"Who knows?" 36-year-old pitcher A.J. Burnett -- who last month said he wasn't sure if he was going to retire, but may not want to go out the way he did in this series -- told a reporter. "I'm not thinking about it. ... Down time."
The answers were similar from key Pirates who could hit the open market. Those include outfielder Marlon Byrd and first baseman Justin Morneau -- who were acquired in trades with the Mets and Twins, respectively, to help the Bucs' late-season push -- and Clint Barmes, who has been Pittsburgh's main shortstop for the better part of two years, but realizes there is an heir apparent in the room.
Outside of Pittsburgh, the acquisition of Burnett before the 2012 season was seen merely as the Yankees getting rid of a struggling pitcher they no longer wanted, and someone to whom the Yanks paid $13 million of the $33 million they owed him over a two-year period. Little did anyone suspect he was exactly what the Pirates needed.
Burnett's 16-10 record with a 3.51 ERA in 2012 was a big reason the Bucs surprised experts by being competitive for much of last season. Surrounded this year by a rotation that saw righty Charlie Morton and free-agent lefty Francisco Liriano regain health after elbow injuries, and the prodigious Gerrit Cole give a lift after joining the rotation in June, Burnett remained competitive by going 10-11 with a 3.30 ERA in 30 starts.
Now the question is whether Burnett will continue to pitch, and if he will do so in black and gold. During Spring Training, the veteran contemplated retiring at the end of this season, and in a September interview with the Pittsburgh Tribune-Review, he said he was 50-50 on whether he'd return next season. This year ended not with glory, but with Burnett being passed over for the most important start of the year.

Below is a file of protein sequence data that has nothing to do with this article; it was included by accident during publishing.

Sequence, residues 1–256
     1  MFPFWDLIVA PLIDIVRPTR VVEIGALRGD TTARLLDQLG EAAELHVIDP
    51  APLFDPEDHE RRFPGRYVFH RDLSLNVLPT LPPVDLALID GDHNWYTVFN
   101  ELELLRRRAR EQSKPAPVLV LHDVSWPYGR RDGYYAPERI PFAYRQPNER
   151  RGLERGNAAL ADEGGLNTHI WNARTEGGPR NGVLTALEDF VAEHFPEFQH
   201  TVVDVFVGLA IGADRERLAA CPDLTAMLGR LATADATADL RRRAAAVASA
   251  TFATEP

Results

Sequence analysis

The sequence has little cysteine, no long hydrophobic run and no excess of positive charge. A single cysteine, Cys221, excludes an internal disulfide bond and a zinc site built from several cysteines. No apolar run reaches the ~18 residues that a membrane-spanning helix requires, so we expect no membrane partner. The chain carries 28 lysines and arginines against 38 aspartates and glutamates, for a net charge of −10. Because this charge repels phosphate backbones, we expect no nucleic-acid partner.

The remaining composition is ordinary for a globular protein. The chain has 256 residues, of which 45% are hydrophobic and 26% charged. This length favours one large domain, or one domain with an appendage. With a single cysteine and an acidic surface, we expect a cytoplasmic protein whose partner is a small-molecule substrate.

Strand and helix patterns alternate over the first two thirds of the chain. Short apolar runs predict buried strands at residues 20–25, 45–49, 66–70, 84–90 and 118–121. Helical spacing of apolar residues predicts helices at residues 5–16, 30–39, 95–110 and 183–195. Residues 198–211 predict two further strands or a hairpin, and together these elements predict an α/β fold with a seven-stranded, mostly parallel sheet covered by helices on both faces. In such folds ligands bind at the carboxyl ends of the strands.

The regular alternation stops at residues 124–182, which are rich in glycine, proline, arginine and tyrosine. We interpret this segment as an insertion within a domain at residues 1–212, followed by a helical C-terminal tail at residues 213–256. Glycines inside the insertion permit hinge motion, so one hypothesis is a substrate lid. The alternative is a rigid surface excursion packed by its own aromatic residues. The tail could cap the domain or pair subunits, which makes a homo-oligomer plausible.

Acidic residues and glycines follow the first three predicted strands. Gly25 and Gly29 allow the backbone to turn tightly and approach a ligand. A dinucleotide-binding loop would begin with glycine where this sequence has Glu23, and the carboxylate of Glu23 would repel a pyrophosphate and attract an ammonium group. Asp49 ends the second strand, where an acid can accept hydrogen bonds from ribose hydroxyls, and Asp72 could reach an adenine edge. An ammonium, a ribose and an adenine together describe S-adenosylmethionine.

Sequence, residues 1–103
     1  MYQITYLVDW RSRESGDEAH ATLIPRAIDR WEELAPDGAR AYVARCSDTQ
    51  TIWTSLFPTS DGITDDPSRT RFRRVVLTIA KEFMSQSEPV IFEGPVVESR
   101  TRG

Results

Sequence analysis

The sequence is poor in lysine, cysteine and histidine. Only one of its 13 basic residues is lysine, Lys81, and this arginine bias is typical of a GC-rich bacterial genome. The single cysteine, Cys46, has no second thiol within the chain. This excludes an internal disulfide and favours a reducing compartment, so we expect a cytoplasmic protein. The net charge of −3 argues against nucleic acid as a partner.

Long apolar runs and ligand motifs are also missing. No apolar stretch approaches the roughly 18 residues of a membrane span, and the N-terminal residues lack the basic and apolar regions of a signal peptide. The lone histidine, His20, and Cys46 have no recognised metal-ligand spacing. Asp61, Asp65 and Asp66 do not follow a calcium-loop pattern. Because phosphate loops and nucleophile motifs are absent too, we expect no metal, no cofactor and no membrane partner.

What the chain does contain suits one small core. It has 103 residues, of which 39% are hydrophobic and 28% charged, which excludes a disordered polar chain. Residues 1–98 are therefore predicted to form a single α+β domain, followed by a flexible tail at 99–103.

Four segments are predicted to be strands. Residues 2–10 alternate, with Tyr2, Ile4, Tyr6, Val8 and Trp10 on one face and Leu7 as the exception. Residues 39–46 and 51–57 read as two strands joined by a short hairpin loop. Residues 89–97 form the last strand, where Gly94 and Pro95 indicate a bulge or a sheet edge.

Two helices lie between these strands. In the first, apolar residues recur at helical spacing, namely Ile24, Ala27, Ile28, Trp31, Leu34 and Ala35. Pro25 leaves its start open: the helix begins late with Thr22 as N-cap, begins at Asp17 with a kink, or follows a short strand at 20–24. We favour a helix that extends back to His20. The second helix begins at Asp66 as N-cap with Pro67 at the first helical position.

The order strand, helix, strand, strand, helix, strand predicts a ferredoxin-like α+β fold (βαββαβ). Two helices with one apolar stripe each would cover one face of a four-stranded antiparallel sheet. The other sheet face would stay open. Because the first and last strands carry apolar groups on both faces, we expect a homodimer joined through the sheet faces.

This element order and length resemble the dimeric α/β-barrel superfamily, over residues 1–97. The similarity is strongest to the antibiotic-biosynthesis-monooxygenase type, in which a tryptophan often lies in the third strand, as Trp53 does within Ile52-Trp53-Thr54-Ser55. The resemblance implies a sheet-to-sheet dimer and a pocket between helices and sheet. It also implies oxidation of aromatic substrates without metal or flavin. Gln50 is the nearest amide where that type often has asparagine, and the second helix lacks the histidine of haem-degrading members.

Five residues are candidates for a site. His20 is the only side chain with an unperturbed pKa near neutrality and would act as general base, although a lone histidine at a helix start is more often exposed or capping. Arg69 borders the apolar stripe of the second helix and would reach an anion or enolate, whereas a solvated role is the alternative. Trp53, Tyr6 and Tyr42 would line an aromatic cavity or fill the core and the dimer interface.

The acquisitions of Byrd and Morneau helped boost the Pirates late. Now the team has an overabundance of options and will have to make tough decisions.
Byrd, 36, entered the season at the low end in terms of open-market value. He spent the winter playing in Mexico working on hitting the curveball -- an extreme step for someone as far into his career -- and signed a one-year, $700,000 contact with the Mets.
But home run power often equals earning power. Byrd hit a career-high 24 homers, and his .291 batting average in 147 games, including 30 games with the Pirates, was his highest since he hit .293 with the Cubs in 2010. He appears in position for one more big deal, but he said Wednesday, "I'm not even talking about that." Byrd was still processing the joys and heartaches of his first postseason trip.
"They brought me here for one thing, to help this team get to the World Series, and it's tough to fall short," Byrd said. "It's just excitement. I'm glad I got the opportunity to do it for the first time, and hopefully I'll do it again."
However, Jose Tabata is just 25, and after down numbers in 2011-12, he hit .282 with a .343 on-base percentage in 106 games this year. Tabata could be back to the player he was in 2010 as a rookie, when he batted .299. Going with Tabata could mean the Pirates take a hit in the power department, but Tabata joining left fielder Starling Marte and center fielder and National League Most Valuable Player Award candidate Andrew McCutchen could make for a dynamic young outfield. If the Bucs need power, they've shown a willingness to get it on the open market.